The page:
Sunday, October 28, 2012
While the East Coast will get the brunt of the huge storm, the weather system also is prompting a gale warning on Lake Michigan in southeastern Wisconsin, with wind gusts on land expected to be up to 40 mph.
As Hurricane Sandy makes its way across the east coast on Monday, National Weather Service officials say residents of the Midwest should be prepared for continually growing winds and high waves on Lake Michigan. A small craft advisory is in effect through Monday evening, with wind gusts expected to be between 25 and 38 mph on the lake, according to NWS Meteorologist Morgan Brooks. A gale warning takes effect Monday night and will last through Tuesday night, with winds between 39 and 54 mph over the lake. "Basically, as Sandy moves closer to the shore and makes landfall it's going to ... affect us," she said. "Already you can see it a bit over Lake Michigan. The winds are expected to increase as Sandy moves." Waves are expected to get to 4 …
Tuesday, October 23, 2012
Drive careful - visibilities are going to be less than one-quarter mile as a frontal system stalls over the area
The National Weather Service has issued a dense fog advisory until 10 a.m. Wednesday for the southern half of the state, with the exception of the southwestern counties. Warm and moist air has pooled along a frontal boundary, which has remained stalled over the area, allowing for the fog to form. While the timing is likely to be earlier for counties along the Lake Michigan shoreline, all areas are going to experience reduced visibilities of one quarter mile or less, creating hazardous driving conditions. If you need to drive, please slow down, leave plenty of distance ahead of you and use your low beam headlights. Changes coming later in the week signal return to below normal temps The NWS also advised that while a warm southerly wind …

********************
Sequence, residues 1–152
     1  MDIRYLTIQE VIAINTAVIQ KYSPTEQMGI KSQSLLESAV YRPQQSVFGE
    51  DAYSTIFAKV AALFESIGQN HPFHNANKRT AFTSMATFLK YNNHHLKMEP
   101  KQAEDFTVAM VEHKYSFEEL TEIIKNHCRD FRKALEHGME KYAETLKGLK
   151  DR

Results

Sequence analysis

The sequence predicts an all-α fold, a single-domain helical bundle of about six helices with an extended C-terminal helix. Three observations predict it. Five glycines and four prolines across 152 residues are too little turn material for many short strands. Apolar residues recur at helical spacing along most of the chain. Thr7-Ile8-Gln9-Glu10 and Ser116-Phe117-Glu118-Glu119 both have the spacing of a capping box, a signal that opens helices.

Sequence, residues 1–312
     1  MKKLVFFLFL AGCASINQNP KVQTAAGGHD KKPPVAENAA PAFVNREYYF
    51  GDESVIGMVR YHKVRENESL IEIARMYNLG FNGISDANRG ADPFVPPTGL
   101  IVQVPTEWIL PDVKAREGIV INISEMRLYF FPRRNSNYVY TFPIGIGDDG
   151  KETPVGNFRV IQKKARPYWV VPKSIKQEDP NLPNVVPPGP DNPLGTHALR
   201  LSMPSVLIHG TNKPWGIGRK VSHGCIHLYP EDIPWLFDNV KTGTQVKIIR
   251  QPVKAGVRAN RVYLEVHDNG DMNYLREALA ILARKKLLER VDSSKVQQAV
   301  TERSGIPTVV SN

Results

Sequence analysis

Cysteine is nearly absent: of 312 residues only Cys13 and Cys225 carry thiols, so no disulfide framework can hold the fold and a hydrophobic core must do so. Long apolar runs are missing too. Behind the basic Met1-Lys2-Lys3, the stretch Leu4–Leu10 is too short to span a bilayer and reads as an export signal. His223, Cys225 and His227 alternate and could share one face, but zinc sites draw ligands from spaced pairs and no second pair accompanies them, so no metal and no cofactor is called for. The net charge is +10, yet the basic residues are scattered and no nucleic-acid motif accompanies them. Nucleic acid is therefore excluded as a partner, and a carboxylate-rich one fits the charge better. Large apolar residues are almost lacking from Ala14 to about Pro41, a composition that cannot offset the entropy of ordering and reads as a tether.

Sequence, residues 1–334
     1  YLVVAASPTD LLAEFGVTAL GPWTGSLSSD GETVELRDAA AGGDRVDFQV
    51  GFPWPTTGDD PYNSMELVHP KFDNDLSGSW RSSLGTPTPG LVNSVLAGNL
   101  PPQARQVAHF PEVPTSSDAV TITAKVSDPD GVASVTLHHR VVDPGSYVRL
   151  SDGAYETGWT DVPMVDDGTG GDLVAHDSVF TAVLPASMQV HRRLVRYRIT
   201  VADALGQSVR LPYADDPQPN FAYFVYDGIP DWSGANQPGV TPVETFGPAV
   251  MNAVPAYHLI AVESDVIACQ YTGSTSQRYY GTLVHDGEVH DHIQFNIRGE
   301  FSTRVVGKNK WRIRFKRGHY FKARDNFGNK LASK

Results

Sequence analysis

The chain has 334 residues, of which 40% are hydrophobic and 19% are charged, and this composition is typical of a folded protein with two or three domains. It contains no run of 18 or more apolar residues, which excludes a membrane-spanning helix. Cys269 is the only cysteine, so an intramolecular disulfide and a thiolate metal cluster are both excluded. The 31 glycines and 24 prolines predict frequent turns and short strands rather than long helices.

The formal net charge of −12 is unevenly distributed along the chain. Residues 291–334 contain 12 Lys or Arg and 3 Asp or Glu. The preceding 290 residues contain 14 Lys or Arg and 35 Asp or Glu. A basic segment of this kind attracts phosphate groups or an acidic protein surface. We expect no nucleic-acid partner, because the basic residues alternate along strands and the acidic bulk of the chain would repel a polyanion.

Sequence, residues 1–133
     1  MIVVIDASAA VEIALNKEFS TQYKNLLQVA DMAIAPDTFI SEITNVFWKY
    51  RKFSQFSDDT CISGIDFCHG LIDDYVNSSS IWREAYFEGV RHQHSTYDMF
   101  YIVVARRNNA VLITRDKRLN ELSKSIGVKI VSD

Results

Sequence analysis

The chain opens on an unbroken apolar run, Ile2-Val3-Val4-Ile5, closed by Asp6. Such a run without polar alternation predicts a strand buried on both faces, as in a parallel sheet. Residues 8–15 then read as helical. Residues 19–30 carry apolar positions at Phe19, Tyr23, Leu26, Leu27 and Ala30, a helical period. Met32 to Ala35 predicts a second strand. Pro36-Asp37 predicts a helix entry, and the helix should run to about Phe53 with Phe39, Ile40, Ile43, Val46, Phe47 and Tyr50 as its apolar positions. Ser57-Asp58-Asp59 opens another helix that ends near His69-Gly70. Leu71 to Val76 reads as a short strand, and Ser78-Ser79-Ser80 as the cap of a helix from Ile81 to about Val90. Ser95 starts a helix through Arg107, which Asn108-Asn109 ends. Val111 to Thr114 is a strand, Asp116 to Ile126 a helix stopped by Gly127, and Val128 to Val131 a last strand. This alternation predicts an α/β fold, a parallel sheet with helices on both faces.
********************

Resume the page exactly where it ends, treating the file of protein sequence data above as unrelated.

Monday, September 17, 2012
Milwaukee, Waukesha and Walworth counties could see high winds, hail associated with storms.
We've been bracing for a big change in temperatures today, but the approaching cold front is also setting off a line of storms, and some have become severe. The National Weather Service has posted warnings for the following counties until 4 p.m. Monday: Southern Milwaukee County Southern Waukesha County Walworth County The storms could pack a punch, including winds reaching 60 m.p.h. and as large as quarter-size hail. After the line moves through the state, temperatures are expected to plummet from the mid 70s to about 60, with lows tonight expected in the 40s.
Friday, February 10, 2012
The National Weather Service expects wind gusts of 35 to 40 mph during Friday's blizzard, causing low visibility and hazardous driving conditions.
Friday, February 10, 2012
The white blanket that has been falling on us all morning is expected to get messier. At 12:30 p.m. today, the North Shore Fire Department responded to an accident on Interstate 43 just South of Silver Spring Drive in Glendale. If you're driving through there, the fire department advises to proceed with caution as traffic is very backed up and stop-and-go. The National Weather Service has issued a "hazardous weather outlook" for southeast and south central parts of Wisconsin. Snow is expected to last until about 3 p.m., with areas of blowing snow starting at around noon, according to the National Weather Service. Gusts of wind could reach 35 to 40 mph with snow accumulations between 2 and 3 inches, the weather service said.
Thursday, February 2, 2012
It's painful to think about, but take a look at these pictures and stories from the storm that hit Feb. 1-2, 2011, leaving behind 15 to 20 inches.